FDA Pausing Johnson & Johnson Vaccine After 6 Clotting Cases

The Food and Drug Administration and the Centers for Disease Control and Prevention called for an immediate pause in the federal use of the Johnson & Johnson vaccine after six recipients in the U.S. developed a rare blood clotting disorder within two weeks of inoculation.

All six cases were women between the ages of 18 and 48. One woman died and another is hospitalized in critical condition. Nearly 7 million people have already received the shot.

In the United States alone, 300,000 to 600,000 people a year develop blood clots, according to C.D.C. data. But the particular blood clotting disorder that the vaccine recipients developed, known as cerebral venous sinus thrombosis, is extremely rare. All of the women developed the condition between six and 16 days of vaccination, and government experts are concerned that an immune system response triggered by the vaccine was the cause.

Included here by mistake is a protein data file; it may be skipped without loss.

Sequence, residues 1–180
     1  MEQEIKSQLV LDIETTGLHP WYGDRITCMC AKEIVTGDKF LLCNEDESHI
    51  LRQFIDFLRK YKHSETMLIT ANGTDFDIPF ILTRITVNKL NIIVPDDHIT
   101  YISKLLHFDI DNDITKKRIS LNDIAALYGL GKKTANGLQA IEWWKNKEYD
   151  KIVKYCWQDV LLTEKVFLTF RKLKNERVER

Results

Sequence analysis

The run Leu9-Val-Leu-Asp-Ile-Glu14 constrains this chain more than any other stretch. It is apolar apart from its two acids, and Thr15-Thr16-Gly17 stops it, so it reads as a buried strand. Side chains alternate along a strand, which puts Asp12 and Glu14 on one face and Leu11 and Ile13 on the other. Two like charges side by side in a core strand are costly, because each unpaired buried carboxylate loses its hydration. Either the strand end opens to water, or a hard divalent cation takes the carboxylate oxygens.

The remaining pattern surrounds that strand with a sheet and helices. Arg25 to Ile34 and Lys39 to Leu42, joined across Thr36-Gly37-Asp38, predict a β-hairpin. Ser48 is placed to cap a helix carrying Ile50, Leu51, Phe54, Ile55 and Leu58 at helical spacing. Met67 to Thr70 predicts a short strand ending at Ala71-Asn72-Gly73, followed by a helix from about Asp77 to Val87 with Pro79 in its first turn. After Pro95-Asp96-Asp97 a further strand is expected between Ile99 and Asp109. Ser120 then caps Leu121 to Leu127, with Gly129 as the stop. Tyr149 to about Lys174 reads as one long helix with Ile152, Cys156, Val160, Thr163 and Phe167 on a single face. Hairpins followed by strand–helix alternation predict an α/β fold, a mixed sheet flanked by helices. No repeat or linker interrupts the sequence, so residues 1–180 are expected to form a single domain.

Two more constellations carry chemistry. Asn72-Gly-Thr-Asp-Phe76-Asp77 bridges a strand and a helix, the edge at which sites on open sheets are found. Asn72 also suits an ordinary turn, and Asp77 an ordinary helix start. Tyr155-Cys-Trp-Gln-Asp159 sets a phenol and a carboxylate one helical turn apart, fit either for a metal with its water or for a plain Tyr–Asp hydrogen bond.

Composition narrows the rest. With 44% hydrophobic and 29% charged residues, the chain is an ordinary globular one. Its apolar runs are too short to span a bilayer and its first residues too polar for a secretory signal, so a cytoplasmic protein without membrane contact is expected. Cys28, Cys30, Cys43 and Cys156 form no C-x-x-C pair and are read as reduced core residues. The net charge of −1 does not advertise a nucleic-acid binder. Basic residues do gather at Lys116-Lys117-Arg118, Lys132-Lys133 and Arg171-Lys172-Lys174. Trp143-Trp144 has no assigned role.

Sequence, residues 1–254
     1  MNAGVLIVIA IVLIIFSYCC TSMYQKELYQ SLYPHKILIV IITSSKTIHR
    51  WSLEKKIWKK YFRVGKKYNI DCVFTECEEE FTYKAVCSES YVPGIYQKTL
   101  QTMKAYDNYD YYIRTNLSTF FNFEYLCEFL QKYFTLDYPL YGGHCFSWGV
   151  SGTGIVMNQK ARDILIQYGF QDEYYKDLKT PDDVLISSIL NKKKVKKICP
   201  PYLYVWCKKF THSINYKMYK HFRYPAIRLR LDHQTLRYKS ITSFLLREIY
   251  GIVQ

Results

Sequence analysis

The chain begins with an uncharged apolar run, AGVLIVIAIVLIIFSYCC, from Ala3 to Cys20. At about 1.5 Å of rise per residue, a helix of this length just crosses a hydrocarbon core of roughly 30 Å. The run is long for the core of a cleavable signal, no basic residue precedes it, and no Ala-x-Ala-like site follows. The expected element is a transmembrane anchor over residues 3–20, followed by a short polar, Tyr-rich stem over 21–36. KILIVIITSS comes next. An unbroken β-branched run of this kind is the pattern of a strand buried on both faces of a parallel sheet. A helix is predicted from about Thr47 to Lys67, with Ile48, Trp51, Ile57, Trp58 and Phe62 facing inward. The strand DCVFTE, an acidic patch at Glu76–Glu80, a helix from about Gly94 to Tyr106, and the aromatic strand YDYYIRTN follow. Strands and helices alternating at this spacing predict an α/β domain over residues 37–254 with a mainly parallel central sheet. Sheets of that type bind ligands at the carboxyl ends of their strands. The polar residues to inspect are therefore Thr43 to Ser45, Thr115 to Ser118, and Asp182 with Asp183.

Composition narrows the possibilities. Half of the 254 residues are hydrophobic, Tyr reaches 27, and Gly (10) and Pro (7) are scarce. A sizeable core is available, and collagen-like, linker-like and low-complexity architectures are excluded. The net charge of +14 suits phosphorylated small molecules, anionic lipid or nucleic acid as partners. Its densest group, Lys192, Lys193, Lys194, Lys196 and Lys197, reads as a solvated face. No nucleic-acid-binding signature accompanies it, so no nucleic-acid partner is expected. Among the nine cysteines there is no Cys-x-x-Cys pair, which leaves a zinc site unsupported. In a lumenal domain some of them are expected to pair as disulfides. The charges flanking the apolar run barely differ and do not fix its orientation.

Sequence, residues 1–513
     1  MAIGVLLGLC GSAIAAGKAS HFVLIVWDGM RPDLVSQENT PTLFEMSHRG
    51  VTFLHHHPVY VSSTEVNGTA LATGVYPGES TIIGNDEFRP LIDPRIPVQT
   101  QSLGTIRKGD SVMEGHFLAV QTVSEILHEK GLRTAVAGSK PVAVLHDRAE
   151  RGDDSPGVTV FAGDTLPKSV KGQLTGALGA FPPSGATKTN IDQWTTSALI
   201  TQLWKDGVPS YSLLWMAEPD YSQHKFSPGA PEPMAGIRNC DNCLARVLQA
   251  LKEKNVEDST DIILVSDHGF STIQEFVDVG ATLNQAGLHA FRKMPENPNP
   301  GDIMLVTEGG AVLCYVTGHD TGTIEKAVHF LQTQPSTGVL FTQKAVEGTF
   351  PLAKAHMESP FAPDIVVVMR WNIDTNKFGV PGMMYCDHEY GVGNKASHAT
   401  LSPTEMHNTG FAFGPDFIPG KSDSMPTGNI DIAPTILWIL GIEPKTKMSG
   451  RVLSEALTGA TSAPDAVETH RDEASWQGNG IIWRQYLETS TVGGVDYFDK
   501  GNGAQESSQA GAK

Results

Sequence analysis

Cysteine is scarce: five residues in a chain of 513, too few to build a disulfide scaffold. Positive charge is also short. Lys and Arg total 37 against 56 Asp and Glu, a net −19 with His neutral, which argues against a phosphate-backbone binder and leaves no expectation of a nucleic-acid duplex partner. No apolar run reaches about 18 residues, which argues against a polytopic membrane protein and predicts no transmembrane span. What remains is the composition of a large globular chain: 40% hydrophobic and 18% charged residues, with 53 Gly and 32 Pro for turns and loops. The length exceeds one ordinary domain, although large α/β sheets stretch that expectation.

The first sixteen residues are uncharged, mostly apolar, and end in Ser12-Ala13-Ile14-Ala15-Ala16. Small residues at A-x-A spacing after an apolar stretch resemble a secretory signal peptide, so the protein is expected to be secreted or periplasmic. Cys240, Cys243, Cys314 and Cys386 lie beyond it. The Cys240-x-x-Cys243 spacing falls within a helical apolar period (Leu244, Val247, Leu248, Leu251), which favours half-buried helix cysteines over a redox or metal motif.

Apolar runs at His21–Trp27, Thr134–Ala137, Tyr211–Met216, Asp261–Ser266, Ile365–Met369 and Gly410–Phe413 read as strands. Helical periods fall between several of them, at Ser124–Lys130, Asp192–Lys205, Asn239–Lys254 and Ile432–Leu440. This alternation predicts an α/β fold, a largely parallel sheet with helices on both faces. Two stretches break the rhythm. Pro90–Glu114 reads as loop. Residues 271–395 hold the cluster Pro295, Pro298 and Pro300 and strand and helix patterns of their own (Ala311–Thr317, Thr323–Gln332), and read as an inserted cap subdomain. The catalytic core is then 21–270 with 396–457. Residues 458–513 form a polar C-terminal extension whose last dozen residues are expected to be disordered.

The federal government is expected to pause administration of the vaccine at all federally run vaccination sites. Federal officials expect that state health officials will take that as a strong signal to do the same. While shipments and usage of the Johnson & Johnson vaccine have been more limited than the mRNA vaccines from Pfizer and Moderna, the Biden administration has been counting on using hundreds of thousands of the single-shot doses every week.

The concerns are similar to the problem in Europe with the Astra-Zeneca vaccine after some of the recipients developed blood clots.

Out of 34 million people who received the vaccine in Britain, the European Union and three other countries, 222 experienced blood clots that were linked with a low level of platelets. The majority of these cases occurred within the first 14 days following vaccination, mostly in women under 60 years of age.

An emergency meeting of the CDC advisory committee is scheduled for Wednesday.

From the New York Times.

Alternate source at CNBC.